But as we’re now down to talking about distances between street lights to try to work out a speed limit, it really drives home that the limit isn’t clear.

Drivers turning left out of Coulter will pass a speed limit sign in under 400 metres. Turning right out of Coulter they don’t pass any 80 km/h signs at all.

#28
artuoui9:00 pm, 21 Apr 12

p1 said :

AlpineViper said :

Keep up the good work Bungers.

+1

add another 1 (better late than never)

#29
JC9:04 am, 22 Apr 12

Sgt.Bungers said :

Well bugger! I was wrong. Spose it was silly of me to assume the road users hand book had correct information for new drivers in the ACT. :-)

But as we’re now down to talking about distances between street lights to try to work out a speed limit, it really drives home that the limit isn’t clear.

Drivers turning left out of Coulter will pass a speed limit sign in under 400 metres. Turning right out of Coulter they don’t pass any 80 km/h signs at all.

Correct turning right out of Coulter they won’t see an 80km/h sign, but maybe that is because the speed limit, as you pointed out in your first post changes to 90km/h just past the intersection with Coppings Crossing Road. The real issue is right out of Bindubi where again as you said in your post above there is no speed limit sign for a good 2km.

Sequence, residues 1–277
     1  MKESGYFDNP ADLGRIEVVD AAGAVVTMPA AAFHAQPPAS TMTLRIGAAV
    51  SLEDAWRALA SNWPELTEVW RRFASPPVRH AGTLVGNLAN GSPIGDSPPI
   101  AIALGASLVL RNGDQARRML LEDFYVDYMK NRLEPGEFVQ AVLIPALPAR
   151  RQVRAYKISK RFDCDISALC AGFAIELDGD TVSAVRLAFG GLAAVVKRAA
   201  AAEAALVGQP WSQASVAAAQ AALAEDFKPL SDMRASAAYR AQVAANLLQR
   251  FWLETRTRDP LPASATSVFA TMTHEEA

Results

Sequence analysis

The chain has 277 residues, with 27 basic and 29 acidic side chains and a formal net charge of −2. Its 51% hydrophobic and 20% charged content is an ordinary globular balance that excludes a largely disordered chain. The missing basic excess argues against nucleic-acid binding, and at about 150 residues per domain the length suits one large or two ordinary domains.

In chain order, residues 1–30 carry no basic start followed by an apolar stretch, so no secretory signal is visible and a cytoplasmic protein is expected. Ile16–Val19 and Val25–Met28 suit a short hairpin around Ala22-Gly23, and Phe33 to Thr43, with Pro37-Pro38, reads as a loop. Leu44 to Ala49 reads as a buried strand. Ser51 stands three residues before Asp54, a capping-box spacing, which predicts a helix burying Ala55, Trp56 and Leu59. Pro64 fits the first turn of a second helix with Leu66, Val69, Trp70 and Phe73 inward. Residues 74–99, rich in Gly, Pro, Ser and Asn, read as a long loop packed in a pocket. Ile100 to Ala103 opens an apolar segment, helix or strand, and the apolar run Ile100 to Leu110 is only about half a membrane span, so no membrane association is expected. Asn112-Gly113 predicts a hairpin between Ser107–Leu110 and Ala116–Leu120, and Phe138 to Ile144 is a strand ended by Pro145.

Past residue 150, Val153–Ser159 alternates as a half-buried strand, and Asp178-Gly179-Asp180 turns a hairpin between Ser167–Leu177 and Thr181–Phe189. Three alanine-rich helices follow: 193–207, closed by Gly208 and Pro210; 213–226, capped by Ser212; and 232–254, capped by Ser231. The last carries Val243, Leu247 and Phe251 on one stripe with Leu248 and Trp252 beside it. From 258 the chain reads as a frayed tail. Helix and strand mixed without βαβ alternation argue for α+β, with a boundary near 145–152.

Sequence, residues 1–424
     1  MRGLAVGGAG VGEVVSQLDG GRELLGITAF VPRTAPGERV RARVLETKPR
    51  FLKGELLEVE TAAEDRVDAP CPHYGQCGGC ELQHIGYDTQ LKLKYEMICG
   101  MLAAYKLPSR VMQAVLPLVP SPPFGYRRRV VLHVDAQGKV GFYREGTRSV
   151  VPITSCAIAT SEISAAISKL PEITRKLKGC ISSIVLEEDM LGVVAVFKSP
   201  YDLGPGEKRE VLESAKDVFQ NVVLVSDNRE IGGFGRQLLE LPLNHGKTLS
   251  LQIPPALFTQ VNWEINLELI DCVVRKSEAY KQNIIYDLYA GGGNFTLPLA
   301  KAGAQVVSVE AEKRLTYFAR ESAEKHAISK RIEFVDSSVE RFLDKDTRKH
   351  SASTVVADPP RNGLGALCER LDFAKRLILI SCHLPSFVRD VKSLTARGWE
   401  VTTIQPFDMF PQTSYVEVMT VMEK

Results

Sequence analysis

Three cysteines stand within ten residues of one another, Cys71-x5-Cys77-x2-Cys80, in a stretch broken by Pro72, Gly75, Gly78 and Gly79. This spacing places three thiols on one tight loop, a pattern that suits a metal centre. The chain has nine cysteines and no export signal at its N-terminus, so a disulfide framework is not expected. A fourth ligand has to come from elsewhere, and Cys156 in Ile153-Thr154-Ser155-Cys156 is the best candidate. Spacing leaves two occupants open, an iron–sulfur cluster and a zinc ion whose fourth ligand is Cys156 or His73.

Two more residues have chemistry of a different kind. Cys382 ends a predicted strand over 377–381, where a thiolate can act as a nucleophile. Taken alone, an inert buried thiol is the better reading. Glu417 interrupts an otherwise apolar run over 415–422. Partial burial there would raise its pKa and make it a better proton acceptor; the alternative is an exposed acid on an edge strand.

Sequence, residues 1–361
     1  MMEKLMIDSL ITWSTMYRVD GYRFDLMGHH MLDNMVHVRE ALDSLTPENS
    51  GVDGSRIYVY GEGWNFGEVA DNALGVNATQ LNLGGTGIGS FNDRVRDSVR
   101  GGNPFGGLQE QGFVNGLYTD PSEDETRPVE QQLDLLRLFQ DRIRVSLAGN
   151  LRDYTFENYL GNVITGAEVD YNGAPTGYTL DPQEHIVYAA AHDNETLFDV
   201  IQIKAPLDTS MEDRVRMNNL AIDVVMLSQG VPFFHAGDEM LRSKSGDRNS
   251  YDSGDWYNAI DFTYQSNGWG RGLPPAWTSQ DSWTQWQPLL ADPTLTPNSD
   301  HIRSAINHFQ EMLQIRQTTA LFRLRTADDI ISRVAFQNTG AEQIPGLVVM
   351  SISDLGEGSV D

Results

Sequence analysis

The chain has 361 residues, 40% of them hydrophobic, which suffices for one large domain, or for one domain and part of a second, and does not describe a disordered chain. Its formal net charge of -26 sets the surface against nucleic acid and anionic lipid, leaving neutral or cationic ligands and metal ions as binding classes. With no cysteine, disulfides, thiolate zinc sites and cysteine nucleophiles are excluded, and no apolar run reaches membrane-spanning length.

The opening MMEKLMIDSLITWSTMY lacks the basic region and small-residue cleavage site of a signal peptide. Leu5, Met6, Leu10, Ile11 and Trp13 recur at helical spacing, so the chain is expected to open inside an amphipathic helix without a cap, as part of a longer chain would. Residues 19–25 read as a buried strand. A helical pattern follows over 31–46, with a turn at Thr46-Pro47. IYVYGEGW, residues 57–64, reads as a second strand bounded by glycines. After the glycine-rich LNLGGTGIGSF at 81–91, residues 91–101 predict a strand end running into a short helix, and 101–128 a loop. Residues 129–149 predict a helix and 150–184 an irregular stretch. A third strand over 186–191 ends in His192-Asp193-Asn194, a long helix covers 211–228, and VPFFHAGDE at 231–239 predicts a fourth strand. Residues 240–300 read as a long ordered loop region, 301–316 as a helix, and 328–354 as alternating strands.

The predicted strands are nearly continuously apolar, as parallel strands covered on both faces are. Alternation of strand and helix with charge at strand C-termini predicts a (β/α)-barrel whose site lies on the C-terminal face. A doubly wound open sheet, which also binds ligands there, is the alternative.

Went through city bound yesterday and that seems to be ok, except of course the whole stupidity of it. As I wrote in another thread all the accidents I’ve seen on this road have been due to inappropriate speed in the conditions leading to rear enders, in particular in peak hour where 80km/h is hard to achieve let alone the full 90km/h.

I also believe the stupid road design has a lot to do with it too, especially at Coulter Drive where the merges just after the intersection (on both sides) lead the stupid people to drive too fast for the conditions just to get in front, then having to break heavily. Again note the words too fast for the conditions as most of these people are not actually speeding, just being stupid, so again dropping to 80km/h won’t help one little bit.

#30
Nightshade10:14 pm, 22 Apr 12

wildturkeycanoe said :

I heard this morning someone was already pulled up by the red n blues. Wonder what the result was.

I haven’t yet seen them in the 80 km/hr part, but they are paying an unusual amount of attention to the 90 km/hr part (westbound) – as if to catch people who’ve breathed a sigh of relief that things are back to normal and gone too far. There was a speed camera van just after the first 90 km/hr sign and “form one lane” on Friday night. Tonight, as I passed the roundabout to Drake-Brockman (heading to the city) I saw a police car driving the other way with flashing lights. Couldn’t tell if it was chasing someone or just in a hurry, but further down the hill was another car with flashing lights that had pulled someone over.